Today’s guest post is by someone I got acquainted with online through mutual writer friends before we ever met face-to-face at Hemingway Pfeiffer. I think you’ll enjoy getting acquainted with her, too.
Jane Gatewood lives in Rector, Arkansas, a retirement oasis in Northeast Arkansas: peace and solitude within a small farming community. “It’s a marvelous place, especially after an extensive career in the Memphis, Tennessee, area,” Jane shares. An English and journalism teacher spending her final eighteen years as a high school administrator, Jane finds retirement a remarkable adventure. Always having enjoyed writing and with an early retirement goal of participation in the Hemingway-Pfeiffer Writers Retreats at the Hemingway-Pfeiffer Educational Center located 10 miles north of Rector in Piggott, AR, Jane found these retreats to be inspirational and filled with new learning. It was at those workshops and retreats that the flame was fanned, and she was encouraged to write for more than pleasure.
See Jane Write
Jane has self-published two books. One is a memoir, told with a pen name because she sought anonymity that never materialized. She says that were she to write it again, she’d tell the stories differently. Taking the chance on writing such a personal and candid memoir came with a price. Because so many people said, “Jane, you’ve got to write a book. So many women would be encouraged by your story,” she did exactly that. The title is Sunrise in a Lemon Sky, published through Crossbooks, a division of Lifeway. Crossbooks abandoned publishing services in 2015. The book received good reviews for the most part because the outcome is positive and the stories are engaging with one chapter’s events leading the reader into the next. The book honors God’s activity in her life.
Sunrise in a Lemon Sky chronicles twenty years of ups and downs, crisis and triumph. The story of infertility, adoption, ovarian cancer, betrayal and finding the next love is told with candor. God’s divine guidance is woven throughout the memoir. Included are quotes, scriptures, reflection topics, and recipes, chapter by chapter.
Jane used the pen name E. J. Gordon (Ella Jane Gordon) for the memoir. She was Jane’s great grandmother. E. J. Gordon’s strength provided inspiration to survive and to write, telling the story to encourage other women facing trials and heartache. Ella Gordon was a devout Christian who remained resolute and humble in her own trials. She followed the concepts of duty, obligation, and held fast to the understanding that “to whom much is given, much is expected.”
The second book is a family history told in the creative non-fiction style. Eighteen months of research and decades of living among many family members culminated in the book and accompanying CD (PDF files, Ancestry files, more photos, family recipes, etc). This family history was written to combine the genealogy from family members and breathe new life into names and dates on a timeline. The House on Harrison Street title references not only “house” as a physical residence but “house” as family, as the Bard of Avon once penned. The house located at 134 Harrison is the generational home. Jane’s brother and she were the last of the Gordon-Ritchie children to live there; they are the last family members with first-hand knowledge of the stories belonging to the house.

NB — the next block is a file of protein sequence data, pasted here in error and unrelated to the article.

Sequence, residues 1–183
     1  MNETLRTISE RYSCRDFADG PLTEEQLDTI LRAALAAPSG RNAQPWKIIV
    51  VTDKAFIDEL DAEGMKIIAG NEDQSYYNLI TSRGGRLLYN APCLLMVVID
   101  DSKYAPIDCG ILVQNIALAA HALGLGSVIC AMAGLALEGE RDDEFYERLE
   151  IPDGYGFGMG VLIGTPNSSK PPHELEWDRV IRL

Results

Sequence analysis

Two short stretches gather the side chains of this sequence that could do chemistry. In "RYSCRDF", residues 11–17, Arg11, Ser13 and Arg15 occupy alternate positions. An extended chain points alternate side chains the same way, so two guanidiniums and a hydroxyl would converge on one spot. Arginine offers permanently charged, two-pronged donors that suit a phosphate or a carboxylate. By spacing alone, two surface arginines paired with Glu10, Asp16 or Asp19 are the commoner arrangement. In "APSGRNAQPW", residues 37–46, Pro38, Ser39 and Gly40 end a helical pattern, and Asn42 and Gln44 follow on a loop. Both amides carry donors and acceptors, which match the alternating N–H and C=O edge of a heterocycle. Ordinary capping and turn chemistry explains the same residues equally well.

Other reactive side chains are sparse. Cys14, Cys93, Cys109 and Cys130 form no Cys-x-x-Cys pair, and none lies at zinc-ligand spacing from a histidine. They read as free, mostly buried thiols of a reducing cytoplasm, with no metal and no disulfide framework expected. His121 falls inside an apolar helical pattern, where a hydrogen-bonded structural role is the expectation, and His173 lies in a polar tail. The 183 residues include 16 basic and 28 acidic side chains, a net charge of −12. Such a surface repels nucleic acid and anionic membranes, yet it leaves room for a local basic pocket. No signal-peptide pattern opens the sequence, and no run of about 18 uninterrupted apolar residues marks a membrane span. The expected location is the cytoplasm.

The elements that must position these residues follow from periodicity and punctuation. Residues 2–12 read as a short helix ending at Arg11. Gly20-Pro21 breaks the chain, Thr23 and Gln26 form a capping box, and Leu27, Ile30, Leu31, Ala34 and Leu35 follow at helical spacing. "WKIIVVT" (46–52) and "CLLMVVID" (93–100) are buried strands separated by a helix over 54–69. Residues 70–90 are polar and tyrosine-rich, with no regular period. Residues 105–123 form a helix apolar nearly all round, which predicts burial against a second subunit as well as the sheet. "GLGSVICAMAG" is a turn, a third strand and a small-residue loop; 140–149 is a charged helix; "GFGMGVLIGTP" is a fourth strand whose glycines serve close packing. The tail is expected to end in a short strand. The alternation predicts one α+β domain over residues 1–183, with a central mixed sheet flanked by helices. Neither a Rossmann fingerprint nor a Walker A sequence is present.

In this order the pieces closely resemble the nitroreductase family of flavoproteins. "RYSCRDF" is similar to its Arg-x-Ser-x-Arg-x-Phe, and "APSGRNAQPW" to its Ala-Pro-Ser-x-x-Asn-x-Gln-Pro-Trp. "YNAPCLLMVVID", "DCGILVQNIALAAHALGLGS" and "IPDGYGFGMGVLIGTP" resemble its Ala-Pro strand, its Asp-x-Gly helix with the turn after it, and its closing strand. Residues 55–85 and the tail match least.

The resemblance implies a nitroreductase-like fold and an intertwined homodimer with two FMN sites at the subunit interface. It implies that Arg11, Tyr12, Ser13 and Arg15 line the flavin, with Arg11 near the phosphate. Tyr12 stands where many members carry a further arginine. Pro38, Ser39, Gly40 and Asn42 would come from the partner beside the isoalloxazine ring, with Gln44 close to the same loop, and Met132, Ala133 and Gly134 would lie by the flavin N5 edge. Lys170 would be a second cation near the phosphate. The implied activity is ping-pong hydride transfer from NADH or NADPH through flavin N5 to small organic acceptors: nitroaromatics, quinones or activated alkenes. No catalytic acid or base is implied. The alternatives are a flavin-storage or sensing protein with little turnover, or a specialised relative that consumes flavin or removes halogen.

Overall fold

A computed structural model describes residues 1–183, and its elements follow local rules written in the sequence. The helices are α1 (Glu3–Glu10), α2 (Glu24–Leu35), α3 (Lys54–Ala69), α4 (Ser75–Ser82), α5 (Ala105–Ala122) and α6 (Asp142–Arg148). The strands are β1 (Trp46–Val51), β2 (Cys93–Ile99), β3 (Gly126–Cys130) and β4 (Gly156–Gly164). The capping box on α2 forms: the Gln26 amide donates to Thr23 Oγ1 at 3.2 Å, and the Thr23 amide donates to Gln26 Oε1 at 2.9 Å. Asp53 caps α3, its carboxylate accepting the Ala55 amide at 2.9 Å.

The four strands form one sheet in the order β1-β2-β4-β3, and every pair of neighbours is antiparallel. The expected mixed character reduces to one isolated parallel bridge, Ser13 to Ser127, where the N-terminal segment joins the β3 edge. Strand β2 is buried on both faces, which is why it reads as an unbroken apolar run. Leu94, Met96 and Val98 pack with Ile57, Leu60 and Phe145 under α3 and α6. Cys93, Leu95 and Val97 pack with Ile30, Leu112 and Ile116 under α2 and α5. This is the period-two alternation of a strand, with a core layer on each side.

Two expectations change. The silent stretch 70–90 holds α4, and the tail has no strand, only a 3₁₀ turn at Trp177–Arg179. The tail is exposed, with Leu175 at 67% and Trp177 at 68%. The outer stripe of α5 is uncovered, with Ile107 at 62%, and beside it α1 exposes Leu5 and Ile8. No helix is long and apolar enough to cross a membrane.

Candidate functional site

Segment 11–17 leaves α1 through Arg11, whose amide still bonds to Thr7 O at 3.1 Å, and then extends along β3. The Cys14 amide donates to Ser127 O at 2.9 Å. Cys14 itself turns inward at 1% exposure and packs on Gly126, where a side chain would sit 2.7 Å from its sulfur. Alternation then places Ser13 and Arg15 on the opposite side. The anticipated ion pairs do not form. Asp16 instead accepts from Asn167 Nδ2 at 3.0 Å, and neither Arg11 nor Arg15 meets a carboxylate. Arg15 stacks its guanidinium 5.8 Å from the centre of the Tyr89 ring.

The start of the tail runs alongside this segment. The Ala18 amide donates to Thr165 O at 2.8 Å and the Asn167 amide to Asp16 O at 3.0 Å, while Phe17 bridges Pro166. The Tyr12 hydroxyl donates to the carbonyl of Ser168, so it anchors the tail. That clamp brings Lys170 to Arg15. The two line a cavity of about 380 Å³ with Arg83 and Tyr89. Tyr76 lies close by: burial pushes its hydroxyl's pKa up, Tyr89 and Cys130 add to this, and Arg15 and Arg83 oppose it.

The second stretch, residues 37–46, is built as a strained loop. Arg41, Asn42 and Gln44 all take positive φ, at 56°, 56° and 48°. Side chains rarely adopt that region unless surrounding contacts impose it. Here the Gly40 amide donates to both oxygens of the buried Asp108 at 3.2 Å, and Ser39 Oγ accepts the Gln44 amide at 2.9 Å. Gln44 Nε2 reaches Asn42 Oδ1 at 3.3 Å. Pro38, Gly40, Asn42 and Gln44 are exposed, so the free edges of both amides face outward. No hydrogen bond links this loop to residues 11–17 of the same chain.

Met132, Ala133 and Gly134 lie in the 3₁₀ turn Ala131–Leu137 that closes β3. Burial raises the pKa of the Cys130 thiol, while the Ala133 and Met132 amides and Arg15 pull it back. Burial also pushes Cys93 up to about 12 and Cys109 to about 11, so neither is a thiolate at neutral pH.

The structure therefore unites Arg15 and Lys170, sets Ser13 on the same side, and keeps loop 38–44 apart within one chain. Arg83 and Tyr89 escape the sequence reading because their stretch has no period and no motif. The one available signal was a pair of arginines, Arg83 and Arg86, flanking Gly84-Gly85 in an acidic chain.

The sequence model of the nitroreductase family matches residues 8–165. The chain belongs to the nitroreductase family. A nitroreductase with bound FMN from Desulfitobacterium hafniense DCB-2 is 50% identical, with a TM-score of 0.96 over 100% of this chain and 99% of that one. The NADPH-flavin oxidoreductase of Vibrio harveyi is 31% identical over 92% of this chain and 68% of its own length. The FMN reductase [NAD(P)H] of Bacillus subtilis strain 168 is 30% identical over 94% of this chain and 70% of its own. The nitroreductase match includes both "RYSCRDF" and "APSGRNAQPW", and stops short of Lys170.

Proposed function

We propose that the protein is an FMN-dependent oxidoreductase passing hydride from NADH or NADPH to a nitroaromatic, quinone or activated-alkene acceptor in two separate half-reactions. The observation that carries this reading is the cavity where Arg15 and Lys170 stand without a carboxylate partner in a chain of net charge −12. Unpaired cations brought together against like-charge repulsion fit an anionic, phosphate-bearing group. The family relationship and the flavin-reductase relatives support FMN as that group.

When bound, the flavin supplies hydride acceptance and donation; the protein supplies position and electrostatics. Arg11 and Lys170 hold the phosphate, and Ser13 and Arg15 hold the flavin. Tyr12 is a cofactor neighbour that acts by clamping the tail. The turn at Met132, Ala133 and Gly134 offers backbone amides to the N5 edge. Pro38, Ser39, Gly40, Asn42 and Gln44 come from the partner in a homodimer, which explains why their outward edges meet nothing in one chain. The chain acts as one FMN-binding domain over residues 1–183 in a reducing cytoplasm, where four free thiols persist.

The House on Harrison Streetwas written to assure that the family story will not vanish. No one, prior to publication of this book, knows the whole story, and there is still much that will not be told. Cousins knew some of the story, Jane knew another portion of the story, and together, the stories were written from these facts and memories. The three portions follow relatives from the Virginia colony to south Arkansas from 1620 in colonial Virginia to Camden, Arkansas, in 1959, when the house on Harrison Street was no more. The Gordon and Ritchie families played a significant role in the history of Camden and Ouachita County, Arkansas.
The House on Harrison Streetis dedicated to all the family members who shared life and love within the hallways of the family home located on a prominent corner in Camden, Arkansas. With great love, it is dedicated to the author’s mother, Margaret Horne Dansby, and grandmother Mildred Gordon Horne. The women in the family provided the central focus of the book – so many named Jane. “I thought my parents named me Margaret Jane because Jane was an easy to spell middle name with a first name of Margaret. What I learned is that Jane is a noble family name that I’m honored to carry: Jane Elizabeth Tooke Gordon, Jane McBride Campbell Ritchie, Ella Jane Ritchie Gordon, Janie Louise Gordon, Jane Horne. I am the last Jane.”
Everybody has a story to tell. Some have several. Those who choose to do so through writing take a huge leap of faith. Both books carry personal information and insight along with lessons learned.
Publishing with Crossbooks was an expensive mistake. While it is a beautiful book, it is no longer available from this publisher or on Amazon because Crossbooks sent me my manuscript back, but their cover, etc. was unavailable. I’ve republished it through createspace with a different internal structure and a different cover.
I paid for internal setup with createspace for The House on Harrison Street. It’s important that the book have a professional appearance.
Sunrise in a Lemon Sky is $12 with $3 for shipping.
The House on Harrison Street is $20 with $5 for shipping.
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